Spirituality in the context of health science

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GERONE, Lucas Guilherme Teztlaff de [1]

GERONE, Lucas Guilherme Teztlaff de. Spirituality in the context of health science. Revista Científica Multidisciplinar Núcleo do Conhecimento. Year 05, Ed. 09, Vol. 01, pp. 121-136. September 2020. ISSN: 2448-0959, Access link: https://www.nucleodoconhecimento.com.br/science-of-religion/health-science


Context: Academic research on spirituality and health has been research themes in the areas of health and religion. However, it is not about spirituality from a perspective of the relationship between religion and health professionals.  Objectives: This study presents a reflection on spirituality and health. Specifically, it seeks to highlight: a) the relationship between religion and health science; b) the relationship between the Christian religion and health; c) and the Christian tradition and health professionals. Method: A theoretical reference on spirituality in the health context. Results: a) there are etymological associations between spirituality and health; b) religious science has always been aware of the theme of health; c) The ideology of the Christian religion on health extends throughout history; d) there is the influence of the Christian tradition on the practice of care among health professionals. Considerations: a) It is considered that religion is associated and historically with health, b) it is considered that there is a relationship between spirituality and health in the etymological sense and in the practice of health care; c) it is considered that the Christian religion tradition influenced the context in health, such as the practice of care among professionals. Consider the importance of new research on spirituality and health in other religious perspectives, such as spiritism.

Keywords: Spirituality, religion, health, care, health professionals.


The association between spirituality and health is historical, during human and scientific development there is a close relationship between religion and health, such as the practice of care among health professionals. In fact, medicine and religion are areas that have in common the issue of human care, expressed in health care. Many ancient civilizations developed their health service in the figure of a medical priest, such as the divine healing power in the figures of shamans, the shamans of the indigenous tribes, the druids of ancient European civilizations, and the healers and sorcerers of the African tribes and Oceania.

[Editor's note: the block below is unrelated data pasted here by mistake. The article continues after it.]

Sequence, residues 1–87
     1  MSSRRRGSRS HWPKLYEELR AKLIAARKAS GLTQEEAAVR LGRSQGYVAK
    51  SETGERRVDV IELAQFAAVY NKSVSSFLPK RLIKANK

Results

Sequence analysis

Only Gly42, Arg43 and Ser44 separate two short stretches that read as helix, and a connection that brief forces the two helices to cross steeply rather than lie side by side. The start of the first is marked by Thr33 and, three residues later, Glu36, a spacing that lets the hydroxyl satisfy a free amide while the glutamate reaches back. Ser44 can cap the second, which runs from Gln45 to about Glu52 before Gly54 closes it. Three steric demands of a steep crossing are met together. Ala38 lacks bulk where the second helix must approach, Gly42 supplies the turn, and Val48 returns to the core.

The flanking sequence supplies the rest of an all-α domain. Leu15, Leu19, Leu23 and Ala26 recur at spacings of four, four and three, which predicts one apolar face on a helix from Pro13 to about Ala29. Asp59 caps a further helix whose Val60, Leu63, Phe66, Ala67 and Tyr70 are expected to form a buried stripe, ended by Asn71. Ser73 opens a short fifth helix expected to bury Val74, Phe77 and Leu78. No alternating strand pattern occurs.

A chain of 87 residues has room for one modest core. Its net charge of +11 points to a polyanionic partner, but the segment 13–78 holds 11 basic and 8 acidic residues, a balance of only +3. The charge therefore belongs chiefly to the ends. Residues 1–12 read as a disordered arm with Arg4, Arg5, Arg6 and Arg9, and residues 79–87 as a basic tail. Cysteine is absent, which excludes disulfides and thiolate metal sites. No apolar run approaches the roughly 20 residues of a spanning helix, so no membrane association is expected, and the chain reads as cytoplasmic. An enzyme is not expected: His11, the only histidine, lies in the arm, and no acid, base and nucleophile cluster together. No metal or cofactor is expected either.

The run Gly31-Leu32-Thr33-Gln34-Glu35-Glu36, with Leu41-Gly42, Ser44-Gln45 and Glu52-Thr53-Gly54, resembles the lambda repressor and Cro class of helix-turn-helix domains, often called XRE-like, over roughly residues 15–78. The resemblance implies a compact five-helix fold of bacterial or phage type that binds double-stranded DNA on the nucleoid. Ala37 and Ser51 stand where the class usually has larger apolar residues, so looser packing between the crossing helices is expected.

In the Middle Ages (an exponent time of the influence of the Catholic Church) it was common for the physician to perform hospital and religious care, such as prayers in the treatment of the sick. Due to scientific advances in the Modern Age, there was a period of separation between religious and health issues (HEIMANN, 2003). Currently, the influence of religiosity/spirituality in the state of health-disease arouses interest among clinicians and researchers in the health area (MOREIRA-ALMEIDA, 2010). For example, contemporary medicine focuses on physical health care, but also on issues that are relevant to religion, such as looking at health from a perspective of relationality (care in relation to others, with oneself and with transcendence).

There are religious groups that propose to seek health as one of their religious purposes. They are religions that prescribe and proscribe doctrines or teachings about healthy behavior (LEVIN, 2003). In a study, Levin (2003) points out 32 religious groups and faith traditions in the world that have beliefs specific to health events, such as blood and blood products, euthanasia, healing, healing practices, medications, organ donation, questions about the right to die, surgical procedures and receiving visits. Specifically in this study, it is perceived that the Christian religion has an activity in health science.  There is an association between the “bodily and spiritual” in the Christian tradition. Currently, the association between body and spirit is part of discourses about humanized health care, because the indiscriminate use of technology, even if it provides body healing, can result in the abandonment, often unintentional, of other respectable human dimensions, such as comfort and control of pain, communication, significant values and, especially, spiritual and religious issues. In this sense, there is “a challenge to health professionals to answer questions about the balance between health and spirituality” (PERES, 2007, p. 86).